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Image of Roma in the Czech media during 2013

Prague, 1.11.2013 1:19, (ROMEA)
ROMEA held its second round table with journalists on the image of Romani people in the Czech media on 31 October 2013 in Prague. (PHOTO:  Jan Čonka)
ROMEA held its second round table with journalists on the image of Romani people in the Czech media on 31 October 2013 in Prague. (PHOTO: Jan Čonka)

A second round table for journalists organized by the ROMEA association was held in Prague on 31 October. Ivan Vodochodský, an analyst with the Newton Média company, and representatives of ROMEA presented their analysis, entitled "Stereotypes in the Media Image of Roma during 2013" (Stereotypy mediálního obrazu Romů v roce 2013 - available in Czech only here).

The first such round table took place earlier this year on 8 April 2013 on the occasion of International Romani Day. Both round tables were held at the office of the Journalists' Syndicate of the Czech Republic (Syndikát novinářů).

According to the analysis presented, the Czech media are no longer giving as much space to extremists, even though a large part of the news about Romani people is comprised of reports from anti-Romani marches. Positive reports about Romani people are mainly featured in the area of culture.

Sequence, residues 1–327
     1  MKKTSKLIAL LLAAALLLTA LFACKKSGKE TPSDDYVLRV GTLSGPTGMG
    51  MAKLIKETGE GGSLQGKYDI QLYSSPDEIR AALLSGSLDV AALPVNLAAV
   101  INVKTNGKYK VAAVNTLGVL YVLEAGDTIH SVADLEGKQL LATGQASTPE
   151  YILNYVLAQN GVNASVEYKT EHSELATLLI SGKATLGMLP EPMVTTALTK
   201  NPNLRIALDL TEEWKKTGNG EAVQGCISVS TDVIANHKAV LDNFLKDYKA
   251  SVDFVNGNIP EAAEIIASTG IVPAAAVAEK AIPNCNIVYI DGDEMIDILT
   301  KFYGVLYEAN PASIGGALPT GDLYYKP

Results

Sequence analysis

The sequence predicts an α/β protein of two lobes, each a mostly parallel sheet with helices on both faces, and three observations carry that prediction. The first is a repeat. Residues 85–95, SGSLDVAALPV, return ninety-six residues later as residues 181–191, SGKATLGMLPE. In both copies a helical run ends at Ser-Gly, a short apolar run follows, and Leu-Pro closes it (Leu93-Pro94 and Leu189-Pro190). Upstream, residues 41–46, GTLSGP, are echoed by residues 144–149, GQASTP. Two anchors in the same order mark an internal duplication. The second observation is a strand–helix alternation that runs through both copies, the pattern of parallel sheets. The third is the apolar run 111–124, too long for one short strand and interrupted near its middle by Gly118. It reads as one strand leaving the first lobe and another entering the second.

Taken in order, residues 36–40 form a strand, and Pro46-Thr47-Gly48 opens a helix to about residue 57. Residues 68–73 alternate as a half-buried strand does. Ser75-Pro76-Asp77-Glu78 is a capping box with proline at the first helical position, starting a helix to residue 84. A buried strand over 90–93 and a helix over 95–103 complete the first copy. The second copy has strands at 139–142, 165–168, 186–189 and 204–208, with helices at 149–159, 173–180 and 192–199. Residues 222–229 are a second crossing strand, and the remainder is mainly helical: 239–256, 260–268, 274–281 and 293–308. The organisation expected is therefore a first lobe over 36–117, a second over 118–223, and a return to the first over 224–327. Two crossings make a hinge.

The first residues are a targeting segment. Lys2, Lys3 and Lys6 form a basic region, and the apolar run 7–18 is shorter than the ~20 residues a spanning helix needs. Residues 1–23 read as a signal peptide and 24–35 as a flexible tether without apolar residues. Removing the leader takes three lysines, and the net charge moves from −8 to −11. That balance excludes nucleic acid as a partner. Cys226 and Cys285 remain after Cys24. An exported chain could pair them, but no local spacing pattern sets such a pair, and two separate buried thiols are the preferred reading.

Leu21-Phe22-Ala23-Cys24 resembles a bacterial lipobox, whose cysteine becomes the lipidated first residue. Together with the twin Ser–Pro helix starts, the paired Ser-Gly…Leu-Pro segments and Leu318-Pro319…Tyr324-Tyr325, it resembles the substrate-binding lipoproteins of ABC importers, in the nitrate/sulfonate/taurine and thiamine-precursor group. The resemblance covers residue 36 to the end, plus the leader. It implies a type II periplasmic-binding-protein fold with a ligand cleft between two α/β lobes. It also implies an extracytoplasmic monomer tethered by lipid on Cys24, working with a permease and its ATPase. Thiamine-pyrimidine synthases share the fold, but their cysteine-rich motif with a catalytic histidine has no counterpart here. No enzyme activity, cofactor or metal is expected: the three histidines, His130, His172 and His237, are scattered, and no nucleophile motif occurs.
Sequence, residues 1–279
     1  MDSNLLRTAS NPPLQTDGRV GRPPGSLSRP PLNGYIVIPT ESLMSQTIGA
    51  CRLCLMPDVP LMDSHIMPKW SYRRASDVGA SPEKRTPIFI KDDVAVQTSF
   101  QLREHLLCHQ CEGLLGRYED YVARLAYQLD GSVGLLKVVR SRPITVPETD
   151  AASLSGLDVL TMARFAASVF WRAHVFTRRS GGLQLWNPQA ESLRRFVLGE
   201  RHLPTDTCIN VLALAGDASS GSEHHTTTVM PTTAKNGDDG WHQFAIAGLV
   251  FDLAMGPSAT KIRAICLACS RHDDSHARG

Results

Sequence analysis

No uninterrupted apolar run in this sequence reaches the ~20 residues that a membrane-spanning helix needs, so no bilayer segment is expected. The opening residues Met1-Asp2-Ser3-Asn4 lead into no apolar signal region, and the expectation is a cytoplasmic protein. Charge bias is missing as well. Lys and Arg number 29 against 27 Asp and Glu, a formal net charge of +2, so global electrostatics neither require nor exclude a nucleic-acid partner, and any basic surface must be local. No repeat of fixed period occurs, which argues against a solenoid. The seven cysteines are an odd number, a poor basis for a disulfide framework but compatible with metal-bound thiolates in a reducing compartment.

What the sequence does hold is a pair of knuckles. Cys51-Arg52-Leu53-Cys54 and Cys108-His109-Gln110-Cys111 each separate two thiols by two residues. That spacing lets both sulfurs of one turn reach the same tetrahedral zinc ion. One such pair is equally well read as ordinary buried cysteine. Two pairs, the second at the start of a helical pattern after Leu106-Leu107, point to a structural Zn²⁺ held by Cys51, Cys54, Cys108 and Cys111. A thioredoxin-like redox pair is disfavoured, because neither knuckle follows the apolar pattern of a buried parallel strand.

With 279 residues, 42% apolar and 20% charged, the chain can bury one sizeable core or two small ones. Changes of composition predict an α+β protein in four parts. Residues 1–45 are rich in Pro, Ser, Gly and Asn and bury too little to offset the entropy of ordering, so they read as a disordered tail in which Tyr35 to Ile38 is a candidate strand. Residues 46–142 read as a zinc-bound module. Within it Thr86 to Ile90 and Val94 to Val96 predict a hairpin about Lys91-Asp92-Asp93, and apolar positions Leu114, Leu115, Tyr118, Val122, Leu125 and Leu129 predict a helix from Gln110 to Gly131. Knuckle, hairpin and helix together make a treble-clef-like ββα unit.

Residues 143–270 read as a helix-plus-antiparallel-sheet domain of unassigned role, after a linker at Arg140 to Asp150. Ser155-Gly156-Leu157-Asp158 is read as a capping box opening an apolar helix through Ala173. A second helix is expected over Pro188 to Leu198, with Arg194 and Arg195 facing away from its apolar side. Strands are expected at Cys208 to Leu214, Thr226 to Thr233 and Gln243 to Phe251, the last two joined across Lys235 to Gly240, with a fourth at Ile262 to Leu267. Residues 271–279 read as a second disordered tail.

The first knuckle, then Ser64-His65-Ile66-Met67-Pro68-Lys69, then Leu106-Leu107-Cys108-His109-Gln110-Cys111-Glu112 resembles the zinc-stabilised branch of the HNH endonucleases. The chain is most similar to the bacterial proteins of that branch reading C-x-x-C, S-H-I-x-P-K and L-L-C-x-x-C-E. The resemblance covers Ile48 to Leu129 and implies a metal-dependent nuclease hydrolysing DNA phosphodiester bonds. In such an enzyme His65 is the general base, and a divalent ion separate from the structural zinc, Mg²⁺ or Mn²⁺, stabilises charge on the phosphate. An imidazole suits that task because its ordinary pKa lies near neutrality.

"Gypsy", "inadaptable" and "gypsy"

The analysts compiled a total of 4 094 news reports during the first eight months of this year from the main daily newspapers (including their various regional editions), online news servers, public broadcasting media, and weeklies. A comparison of these news items shows that the number of reports about Romani people depends mainly on specific incidents, such as the attack in Duchcov or the unrest at the Máj housing estate in České Budějovice earlier this year.